Q Did anybody suggest that last year's language was too much hot hockey, or anything like that?
MR. GERGEN: Why don't I leave that to the background briefing. That's a very pertinent question.
Two more questions and we'll stop.
Q What expectations are you trying to raise?
MR. GERGEN: We're not trying to raise expectations. We're trying to be -- the heads of state are trying to be very realistic about what they think policies of the industrialized nation should be toward that part of the world.
Q When you say stronger measures, what kind of measures are you talking about? And stronger measures to do what? To end the war? To protect the people? What are the stronger measures for?
MR. GERGEN: Clearly, they are intended to encourage the parties there to resolve their differences and to see if they can't come to a peaceful resolution. That's what this is all about at this point, and I think the language, on its face, is self-explanatory in that regard.
Q Are you talking about diplomatic measures, then?
MR. GERGEN: I would refer you to the language of the communique, which I think is quite explicit on that point.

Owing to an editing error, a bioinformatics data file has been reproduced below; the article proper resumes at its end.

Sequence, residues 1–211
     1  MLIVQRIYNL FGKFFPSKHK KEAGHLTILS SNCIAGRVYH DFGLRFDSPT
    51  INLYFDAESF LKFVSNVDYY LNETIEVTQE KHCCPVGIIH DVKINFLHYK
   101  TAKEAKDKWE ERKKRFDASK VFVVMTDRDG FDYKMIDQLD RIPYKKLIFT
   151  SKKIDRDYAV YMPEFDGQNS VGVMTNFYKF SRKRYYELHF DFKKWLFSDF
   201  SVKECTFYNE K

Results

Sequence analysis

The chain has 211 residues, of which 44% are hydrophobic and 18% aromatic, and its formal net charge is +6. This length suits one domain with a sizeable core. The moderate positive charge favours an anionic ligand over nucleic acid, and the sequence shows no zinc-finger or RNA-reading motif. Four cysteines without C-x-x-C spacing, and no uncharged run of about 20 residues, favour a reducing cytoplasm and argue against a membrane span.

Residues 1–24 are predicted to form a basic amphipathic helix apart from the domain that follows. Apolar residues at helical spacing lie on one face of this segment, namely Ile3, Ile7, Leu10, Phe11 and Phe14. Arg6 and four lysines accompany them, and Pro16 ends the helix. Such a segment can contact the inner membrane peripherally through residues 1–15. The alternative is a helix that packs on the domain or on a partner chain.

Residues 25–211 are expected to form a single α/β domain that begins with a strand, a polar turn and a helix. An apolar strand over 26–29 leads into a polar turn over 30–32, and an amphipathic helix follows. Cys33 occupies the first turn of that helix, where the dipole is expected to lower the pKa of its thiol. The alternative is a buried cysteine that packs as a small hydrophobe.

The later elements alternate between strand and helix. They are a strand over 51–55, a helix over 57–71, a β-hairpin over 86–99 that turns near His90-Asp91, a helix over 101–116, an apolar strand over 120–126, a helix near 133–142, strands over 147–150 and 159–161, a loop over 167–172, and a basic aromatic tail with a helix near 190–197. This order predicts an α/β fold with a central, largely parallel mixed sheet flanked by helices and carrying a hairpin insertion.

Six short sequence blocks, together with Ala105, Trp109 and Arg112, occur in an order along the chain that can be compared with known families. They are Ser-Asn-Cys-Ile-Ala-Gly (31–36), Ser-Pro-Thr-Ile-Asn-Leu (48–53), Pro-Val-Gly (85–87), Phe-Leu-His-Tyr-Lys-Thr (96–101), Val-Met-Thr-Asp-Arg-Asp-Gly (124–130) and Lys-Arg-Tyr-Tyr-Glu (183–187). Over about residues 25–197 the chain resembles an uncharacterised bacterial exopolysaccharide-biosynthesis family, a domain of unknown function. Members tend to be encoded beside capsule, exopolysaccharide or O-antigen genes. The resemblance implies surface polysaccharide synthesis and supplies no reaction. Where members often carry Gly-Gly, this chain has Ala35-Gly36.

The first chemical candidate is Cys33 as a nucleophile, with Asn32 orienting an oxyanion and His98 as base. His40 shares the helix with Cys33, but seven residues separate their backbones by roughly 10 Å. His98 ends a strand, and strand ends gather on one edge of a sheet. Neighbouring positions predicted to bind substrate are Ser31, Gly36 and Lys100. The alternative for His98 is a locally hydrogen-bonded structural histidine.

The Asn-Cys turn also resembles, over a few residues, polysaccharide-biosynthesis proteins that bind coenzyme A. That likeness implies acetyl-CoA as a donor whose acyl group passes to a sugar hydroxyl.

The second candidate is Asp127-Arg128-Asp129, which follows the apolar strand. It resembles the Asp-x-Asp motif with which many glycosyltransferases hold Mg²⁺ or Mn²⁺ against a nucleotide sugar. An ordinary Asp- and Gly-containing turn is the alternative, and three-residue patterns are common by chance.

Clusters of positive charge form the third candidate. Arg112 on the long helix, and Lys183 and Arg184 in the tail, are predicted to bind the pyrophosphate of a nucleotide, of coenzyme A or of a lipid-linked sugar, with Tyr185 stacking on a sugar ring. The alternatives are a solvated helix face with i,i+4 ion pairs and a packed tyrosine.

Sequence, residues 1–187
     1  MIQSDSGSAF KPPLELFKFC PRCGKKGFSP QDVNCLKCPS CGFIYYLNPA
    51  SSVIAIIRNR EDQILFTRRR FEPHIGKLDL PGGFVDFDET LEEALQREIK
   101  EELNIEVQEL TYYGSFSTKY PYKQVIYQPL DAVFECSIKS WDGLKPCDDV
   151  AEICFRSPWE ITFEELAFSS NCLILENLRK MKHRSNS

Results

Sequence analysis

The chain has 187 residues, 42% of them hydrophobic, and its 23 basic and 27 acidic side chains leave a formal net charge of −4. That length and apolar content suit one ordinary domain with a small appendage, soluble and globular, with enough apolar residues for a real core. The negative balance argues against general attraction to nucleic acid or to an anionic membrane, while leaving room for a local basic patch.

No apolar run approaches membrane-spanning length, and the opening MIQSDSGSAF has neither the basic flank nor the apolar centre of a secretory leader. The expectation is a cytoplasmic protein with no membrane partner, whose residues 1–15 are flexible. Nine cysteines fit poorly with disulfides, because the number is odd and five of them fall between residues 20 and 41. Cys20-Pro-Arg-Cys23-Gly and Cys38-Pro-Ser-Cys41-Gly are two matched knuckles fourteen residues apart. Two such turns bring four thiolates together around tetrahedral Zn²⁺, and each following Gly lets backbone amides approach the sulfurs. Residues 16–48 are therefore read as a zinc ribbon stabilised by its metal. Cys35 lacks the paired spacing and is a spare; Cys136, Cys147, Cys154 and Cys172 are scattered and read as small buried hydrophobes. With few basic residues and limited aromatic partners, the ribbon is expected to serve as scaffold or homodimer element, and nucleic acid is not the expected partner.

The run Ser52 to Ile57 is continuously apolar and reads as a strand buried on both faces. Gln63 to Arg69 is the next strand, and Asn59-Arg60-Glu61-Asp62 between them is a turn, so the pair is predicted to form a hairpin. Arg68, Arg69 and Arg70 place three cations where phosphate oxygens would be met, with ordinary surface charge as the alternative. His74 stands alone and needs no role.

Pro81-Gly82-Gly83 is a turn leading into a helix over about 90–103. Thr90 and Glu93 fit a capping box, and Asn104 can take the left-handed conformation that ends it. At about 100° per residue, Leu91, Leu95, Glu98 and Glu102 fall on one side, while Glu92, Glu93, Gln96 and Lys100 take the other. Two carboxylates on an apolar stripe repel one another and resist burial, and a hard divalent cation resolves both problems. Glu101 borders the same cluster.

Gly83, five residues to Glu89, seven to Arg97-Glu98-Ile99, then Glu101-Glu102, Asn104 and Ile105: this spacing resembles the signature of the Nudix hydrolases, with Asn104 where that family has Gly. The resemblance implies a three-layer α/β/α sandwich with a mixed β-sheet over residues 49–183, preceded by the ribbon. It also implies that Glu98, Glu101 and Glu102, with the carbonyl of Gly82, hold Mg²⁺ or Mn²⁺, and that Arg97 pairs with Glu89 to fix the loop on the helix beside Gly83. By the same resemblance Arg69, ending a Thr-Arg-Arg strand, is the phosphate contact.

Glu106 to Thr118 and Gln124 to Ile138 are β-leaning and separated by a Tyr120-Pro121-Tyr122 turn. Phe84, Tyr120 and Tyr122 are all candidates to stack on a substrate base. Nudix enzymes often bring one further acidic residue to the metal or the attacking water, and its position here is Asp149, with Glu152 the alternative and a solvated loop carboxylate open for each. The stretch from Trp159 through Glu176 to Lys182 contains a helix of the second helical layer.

Q On the language, what does it means when it says we will not accept territorial claims that have been taken --
MR. GERGEN: Why don't we leave that to the background briefing? We have two people who are eminently qualified to answer these questions.
We're going to move this to ON BACKGROUND with two senior administration officials, and I'll be available to answer further questions if that's appropriate.
Q Was the President the main guiding force on this change of language?
MR. GERGEN: I want to emphasize with regard to the change in the language that it was a collegial effort, it was a collaborate effort by the heads of government. There were several different heads who wanted the change, and I think that in the background briefing we'll be a little bit clearer about that point.
END2:10 P.M. (L)